Differentiating (16) and considering (17), we have:

2

32 3

E0 C0 R0

X

1

T

@F

XT ; X0 T; YT 4 C0 M0 L0 54 X0 5

@i i

T

T

2 R0 L0 3A

20 3 Y

X

E C R

h T

i

@X0 T @YT 4 T

M L 54 X0 5

C

@X

@i ; @i ; @i

25

RT LT A

Y

2

3

2

3 @X

@i

T 0T T ET C R 6 @X

0 7

M L 54 @i 5

X ;X ;Y 4C

@Y

RT LT A

@i

we must differentiate (13) and (14):

@X @Y @X0

@ri ; @ri ; @ri ,

i1

of the cross-section; Ai is the area of the ith element.

To avoid singularity, holes are filled with rather weaker

material, so the materials density of each element is

bounded by a lower limit value. When the density reaches

this value, the corresponding elements material is deleted.

Therefore, the boundary constraints of the design variables

are expressed as

rmin ri 1:0; i 1; 2; . . . Ne

i1

min i 1:0;

i 1; 2; . . . ; N

R

A

( @X )

@i

@Y

@i

1

i

E0

RT0

R0

A0

(

X

Y

)

0

@X

@i

@Y0

@i

H L

LT 0

H0

1

i

LT0

L0

0

X0

Y0

26

22

0.001.

Generally, the topology optimization problem can be

described as follows:

Find : 1 ; 2 ; . . . ; Ne

RL

Min : C 0 fgT F1 ; 2 ; . . . ; N fgdl

N

P

i Ai A0

s:t: :

E

RT

23

E R

RT A

( @X0 )

@i

@Y0

@i

1

i

E0 R0

RT0 A0

X0

Y0

27

subscript 0 are those calculated when the ith element

related to i is filled with solid material completely, and

others are void. The coefficient matrices of unknown

@X @Y @X0 @Y0

quantities @r

; ; ; @r in (26) and (27) are same to ones

i @ri @ri

i

of X, Y, X, Y in (13) and (14), so replacing the right

constant terms in (13) and (14) with those in (26) and (27),

we can get these unknown quantities easily.

The sensitivity of the constraint (21) is as follows:

N

P

@

ri A i A 0

i1

Ai

28

@ri

classical beam theory

5 Numerical examples

5.1 Cross-section design of a cantilever beam

topology in case 1

140

120

Compliance

beams cross-section design, let us design the topology of

the cross-section of a cantilever beam with a 240240-mm2

square cross-section. The length of the cantilever beam is

L=3,000.0 mm, the shear (vertical) force and twisting

moment are loaded at the end of the cantilever beam

(shown in Fig. 2). The material is isotropic, and Youngs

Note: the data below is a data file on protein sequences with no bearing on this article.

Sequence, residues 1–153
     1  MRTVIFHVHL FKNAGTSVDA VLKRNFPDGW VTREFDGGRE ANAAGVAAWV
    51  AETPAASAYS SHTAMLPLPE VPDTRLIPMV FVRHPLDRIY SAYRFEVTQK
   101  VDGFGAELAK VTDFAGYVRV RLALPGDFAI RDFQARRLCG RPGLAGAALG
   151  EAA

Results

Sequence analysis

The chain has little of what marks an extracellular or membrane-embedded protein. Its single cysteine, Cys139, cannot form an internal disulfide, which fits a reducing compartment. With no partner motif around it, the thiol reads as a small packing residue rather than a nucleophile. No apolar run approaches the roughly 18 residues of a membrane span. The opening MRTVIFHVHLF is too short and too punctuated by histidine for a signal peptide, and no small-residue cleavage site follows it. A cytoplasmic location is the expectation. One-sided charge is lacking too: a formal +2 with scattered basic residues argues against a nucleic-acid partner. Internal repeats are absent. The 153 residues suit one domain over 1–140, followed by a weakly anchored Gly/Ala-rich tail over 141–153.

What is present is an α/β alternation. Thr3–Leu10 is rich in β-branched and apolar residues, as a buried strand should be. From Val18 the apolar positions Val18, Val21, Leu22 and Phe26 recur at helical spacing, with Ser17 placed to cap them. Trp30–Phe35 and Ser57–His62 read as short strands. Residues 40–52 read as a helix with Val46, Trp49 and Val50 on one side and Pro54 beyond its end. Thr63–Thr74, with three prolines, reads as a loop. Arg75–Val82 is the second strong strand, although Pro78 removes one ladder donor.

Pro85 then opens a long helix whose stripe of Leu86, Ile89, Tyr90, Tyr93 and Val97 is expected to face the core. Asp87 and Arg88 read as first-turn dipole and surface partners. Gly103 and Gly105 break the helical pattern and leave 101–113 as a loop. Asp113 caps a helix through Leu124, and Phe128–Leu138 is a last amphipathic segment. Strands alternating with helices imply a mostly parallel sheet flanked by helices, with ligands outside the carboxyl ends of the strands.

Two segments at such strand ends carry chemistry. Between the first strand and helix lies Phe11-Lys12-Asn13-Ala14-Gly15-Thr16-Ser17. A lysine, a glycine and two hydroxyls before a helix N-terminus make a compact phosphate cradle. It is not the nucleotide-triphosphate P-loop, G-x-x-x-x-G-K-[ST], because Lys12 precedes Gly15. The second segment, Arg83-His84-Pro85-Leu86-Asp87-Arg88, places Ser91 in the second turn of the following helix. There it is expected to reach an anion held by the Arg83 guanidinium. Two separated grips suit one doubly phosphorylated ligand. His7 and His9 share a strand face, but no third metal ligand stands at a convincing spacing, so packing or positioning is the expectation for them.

modulus E=200 Gpa, Poissons ratio =0.3.

The objective is to maximize the stiffness of the beam

subject to 50% mass constraint. The design domain is

discretized by quadrilateral elements; the values of the

initial design variables are all 0.5. In this paper, two cases

are discussed. Case 1: only vertical force F=10 kN is

loaded at the end of the cantilever beam. Case 2: both

vertical force F=10 kN and twisting moment T=10 kN/cm

are loaded at the end of the cantilever beam.

To illuminate the difference between the beam theory

used in this paper and the classical beam theory, a simple

example is discussed in the following.

According to the classical beam theory, under the

condition of case 1, to maximize the stiffness of the beam

(or to minimize the compliance of the beam) is to maximize

the following bending rigidity by distributing materials in

the cross-section:

Z

EIx

Erh y2 dA

29

100

80

60

40

20

0

0

10

20

Interation Number

Fig. 5 Topology 2: optimal topology in case 2

objective function in case 1

30

40

50

S. Liu, et al.

140

120

Compliance

100

80

60

40

20

0

0

10

20

30

40

50

Interation Number

Fig. 7 Iterative history of the objective function in case 2

cross-section beam

which has materials at the upper and lower edges, but no

materials at the intermediate section. It is obvious that this

configuration cannot make the upper and lower flange

plates to be an entirety and break the force-transmitting

path. The reason for this irrational configuration is that the

classical beam theory ignores the shear deformation and the

cross-section warping, which will weaken the cross-section

rigidity.

Based on the beam theory considering warping of the

cross-section and deformation coupling, this drawback can

be overcome. Two kinds of optimal cross-section configurations (as shown in Figs. 4 and 5) are obtained using the

modified feasible direction method to solve the optimization problem (23). Iterative histories of the objective

function under two cases are shown in Figs. 6 and 7,

which indicates that the objective function value decreases

rapidly at the beginning, then intends to stabilize with the

iterations, and finally approaches a constant value.

The optimal results show that the II-shape cross-section

makes the averaged compliance minimum under the

condition of case 1. However, the I-shape cross-section

beam (see Fig. 8) is widely used in engineering. To

investigate the property differences between II-shape

cross-section beam and I-shape cross-section beam, a

comparison is shown in Table 1 under the conditions that

II-section

I-section

GAx (104kN)

GAy (104kN)

EA (104kN)

EIx (kNmm2)

EIy (kNmm2)

GIp (kNmm2)

113.9

151.7

81.6

75.7

560

560

43,633.9

43,633.7

27,553.9

19,009.8

13,056.4

1,784.6

II-shape and I-shape

cross-sections

boundary condition are all the same. Table 1 indicates that

the two kinds of cross-sections have equivalent shear

rigidity, tensile rigidity, and bending rigidity in the x

direction; but the II-shape cross-section beam has larger

twisting rigidity than I-shape cross-section beam.

Moreover, comparing the out-of-plane warping displacements, we find that the II-shape cross-section beam has

much smaller warping deformation than I-shape crosssection beam (Fig. 9). To verify this, the middle plane on

these two kinds of beams is investigated. As shown in

Fig. 9, the maximum out-of-plane warping displacement

values of II-shape cross-section and I-shape cross-section

are 0.00867 and 0.01145 mm, respectively. That shows that

the decrease in the section rigidity induced by warping of

the II-shape cross-section beam is less than that of the Ishape cross-section beam. Thus, the II-shape cross-section